Melbourne ups the ante

Industry Database

Melbourne, Australia's largest container port, has moved towards deepening sections of its channels to accommodate vessels of up to 14 metres draught at all tides.

Currently, about one in four containerships leaving the port cannot load to full capacity as sections of the bay are too shallow. This has led to concerns that Melbourne might lose business to Adelaide, Brisbane and Sydney, all of which now have deep water access. The Port of Melbourne is seen as vital to the Victorian economy, generating around 80,000 jobs directly and indirectly and handling more than A$76m in exports every day.

Now, the channel deepening project has progressed with consulting engineers and environmental scientists Royal Haskoning completing a marine risk assessment. Royal Haskoning has been assessing potential risks associated with the dredging work and the changes a deeper channel would bring to shipping movements. These include potential risks of collision or grounding due to increased traffic through the channel.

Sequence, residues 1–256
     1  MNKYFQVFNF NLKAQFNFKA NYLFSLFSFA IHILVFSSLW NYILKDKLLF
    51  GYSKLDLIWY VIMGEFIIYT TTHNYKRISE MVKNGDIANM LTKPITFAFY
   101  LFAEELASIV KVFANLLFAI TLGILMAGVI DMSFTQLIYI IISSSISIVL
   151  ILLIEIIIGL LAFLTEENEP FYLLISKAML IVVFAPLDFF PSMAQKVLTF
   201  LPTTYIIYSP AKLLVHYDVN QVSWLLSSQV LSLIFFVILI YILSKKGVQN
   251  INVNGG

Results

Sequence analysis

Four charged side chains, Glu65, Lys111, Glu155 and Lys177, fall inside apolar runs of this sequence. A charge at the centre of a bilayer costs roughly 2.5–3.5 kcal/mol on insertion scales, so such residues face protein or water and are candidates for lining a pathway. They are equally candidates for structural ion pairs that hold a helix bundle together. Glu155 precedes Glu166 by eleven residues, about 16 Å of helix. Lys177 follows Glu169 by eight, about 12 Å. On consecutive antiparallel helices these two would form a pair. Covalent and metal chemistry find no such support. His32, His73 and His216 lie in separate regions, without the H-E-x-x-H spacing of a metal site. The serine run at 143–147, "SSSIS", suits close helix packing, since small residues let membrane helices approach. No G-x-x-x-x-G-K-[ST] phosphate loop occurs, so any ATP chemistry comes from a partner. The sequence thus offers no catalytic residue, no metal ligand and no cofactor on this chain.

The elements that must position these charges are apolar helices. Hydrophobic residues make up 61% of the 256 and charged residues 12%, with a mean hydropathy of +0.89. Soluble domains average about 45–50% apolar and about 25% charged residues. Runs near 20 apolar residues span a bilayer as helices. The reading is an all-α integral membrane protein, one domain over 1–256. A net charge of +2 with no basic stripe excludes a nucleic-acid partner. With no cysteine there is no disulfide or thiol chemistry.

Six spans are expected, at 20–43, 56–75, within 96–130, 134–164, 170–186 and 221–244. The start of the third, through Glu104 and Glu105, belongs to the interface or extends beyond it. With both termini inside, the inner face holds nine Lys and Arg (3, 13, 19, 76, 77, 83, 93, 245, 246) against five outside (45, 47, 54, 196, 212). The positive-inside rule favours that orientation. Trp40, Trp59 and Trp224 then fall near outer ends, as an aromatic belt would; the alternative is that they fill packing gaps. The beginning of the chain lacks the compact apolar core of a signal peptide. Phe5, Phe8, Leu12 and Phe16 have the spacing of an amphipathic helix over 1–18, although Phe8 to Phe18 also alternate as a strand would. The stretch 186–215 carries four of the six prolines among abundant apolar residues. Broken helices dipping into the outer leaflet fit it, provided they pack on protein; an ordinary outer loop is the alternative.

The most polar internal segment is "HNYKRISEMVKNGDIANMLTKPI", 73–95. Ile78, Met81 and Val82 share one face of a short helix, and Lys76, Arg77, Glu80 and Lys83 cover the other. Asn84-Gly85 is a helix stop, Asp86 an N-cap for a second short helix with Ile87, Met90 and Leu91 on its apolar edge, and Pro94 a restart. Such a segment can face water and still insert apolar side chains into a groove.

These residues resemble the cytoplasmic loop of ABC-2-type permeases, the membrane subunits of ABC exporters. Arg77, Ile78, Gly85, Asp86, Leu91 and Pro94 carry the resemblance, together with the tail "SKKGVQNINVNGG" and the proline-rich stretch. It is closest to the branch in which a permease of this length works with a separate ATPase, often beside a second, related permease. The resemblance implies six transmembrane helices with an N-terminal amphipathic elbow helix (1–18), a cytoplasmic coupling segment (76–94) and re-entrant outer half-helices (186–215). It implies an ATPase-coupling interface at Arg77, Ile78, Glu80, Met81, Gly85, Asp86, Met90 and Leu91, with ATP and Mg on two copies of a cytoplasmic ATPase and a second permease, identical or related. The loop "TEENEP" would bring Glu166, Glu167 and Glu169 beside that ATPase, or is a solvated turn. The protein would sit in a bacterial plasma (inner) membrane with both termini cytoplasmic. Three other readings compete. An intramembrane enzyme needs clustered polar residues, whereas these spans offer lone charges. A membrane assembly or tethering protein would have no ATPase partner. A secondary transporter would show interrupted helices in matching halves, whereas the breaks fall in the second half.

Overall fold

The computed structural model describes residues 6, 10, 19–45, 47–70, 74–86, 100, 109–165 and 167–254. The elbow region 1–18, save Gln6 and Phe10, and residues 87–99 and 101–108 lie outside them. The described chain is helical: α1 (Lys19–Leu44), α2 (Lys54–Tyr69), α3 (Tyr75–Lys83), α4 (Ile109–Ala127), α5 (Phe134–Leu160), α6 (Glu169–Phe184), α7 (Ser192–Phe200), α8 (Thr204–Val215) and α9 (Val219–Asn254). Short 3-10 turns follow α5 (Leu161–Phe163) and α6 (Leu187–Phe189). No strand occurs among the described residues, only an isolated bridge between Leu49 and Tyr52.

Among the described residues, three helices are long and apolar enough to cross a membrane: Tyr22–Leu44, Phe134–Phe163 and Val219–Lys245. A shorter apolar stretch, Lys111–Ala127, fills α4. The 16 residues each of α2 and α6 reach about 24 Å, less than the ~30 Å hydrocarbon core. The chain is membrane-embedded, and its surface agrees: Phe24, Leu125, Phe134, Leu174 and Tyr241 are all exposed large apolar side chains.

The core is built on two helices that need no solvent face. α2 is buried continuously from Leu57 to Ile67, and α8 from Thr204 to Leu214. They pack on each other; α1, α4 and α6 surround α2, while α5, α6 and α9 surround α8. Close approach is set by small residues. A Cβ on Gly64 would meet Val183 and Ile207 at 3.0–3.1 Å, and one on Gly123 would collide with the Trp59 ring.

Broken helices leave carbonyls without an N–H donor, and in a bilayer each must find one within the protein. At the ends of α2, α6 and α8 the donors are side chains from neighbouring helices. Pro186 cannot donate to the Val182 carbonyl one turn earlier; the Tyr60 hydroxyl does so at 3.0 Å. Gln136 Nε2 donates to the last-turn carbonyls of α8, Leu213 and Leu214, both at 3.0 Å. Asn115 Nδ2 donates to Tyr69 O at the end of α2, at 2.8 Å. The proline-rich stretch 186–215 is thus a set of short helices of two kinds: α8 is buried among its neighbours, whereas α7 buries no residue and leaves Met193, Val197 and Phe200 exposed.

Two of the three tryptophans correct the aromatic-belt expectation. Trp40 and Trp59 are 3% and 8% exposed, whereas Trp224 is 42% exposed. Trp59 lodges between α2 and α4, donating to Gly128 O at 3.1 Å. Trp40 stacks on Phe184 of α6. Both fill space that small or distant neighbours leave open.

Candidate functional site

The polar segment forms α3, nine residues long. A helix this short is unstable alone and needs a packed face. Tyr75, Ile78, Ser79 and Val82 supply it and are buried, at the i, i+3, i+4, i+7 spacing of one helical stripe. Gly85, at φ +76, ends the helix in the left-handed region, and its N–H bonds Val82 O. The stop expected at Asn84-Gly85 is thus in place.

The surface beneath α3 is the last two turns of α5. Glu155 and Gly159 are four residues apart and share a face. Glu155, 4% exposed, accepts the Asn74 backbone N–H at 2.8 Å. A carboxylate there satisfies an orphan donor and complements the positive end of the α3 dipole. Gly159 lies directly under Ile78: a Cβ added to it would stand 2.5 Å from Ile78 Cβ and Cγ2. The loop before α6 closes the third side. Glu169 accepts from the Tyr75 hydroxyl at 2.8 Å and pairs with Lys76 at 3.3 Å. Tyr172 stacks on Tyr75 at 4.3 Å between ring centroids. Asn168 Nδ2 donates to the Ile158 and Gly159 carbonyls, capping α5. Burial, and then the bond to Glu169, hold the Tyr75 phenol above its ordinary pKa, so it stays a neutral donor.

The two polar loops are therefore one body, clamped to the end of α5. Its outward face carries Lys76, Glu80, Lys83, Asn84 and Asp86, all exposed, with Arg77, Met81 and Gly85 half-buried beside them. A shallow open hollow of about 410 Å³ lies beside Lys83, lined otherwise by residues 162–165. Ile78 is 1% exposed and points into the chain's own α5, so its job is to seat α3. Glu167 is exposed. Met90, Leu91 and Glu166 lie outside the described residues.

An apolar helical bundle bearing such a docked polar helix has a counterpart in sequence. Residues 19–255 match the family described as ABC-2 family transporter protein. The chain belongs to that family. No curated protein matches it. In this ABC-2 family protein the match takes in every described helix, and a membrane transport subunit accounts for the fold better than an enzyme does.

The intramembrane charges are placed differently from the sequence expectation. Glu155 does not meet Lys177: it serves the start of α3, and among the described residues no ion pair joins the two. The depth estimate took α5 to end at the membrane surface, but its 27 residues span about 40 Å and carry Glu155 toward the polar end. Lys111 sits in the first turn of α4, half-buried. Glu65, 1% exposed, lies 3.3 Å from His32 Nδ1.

"We carried out comprehensive desk research and some site visits to gather data to feed into the modelling software, " says project manager Jim Marriage. "The marine risk assessment will prove an important element of the comprehensive environmental process currently underway, before a public exhibition process which is scheduled to take place early in the New Year."

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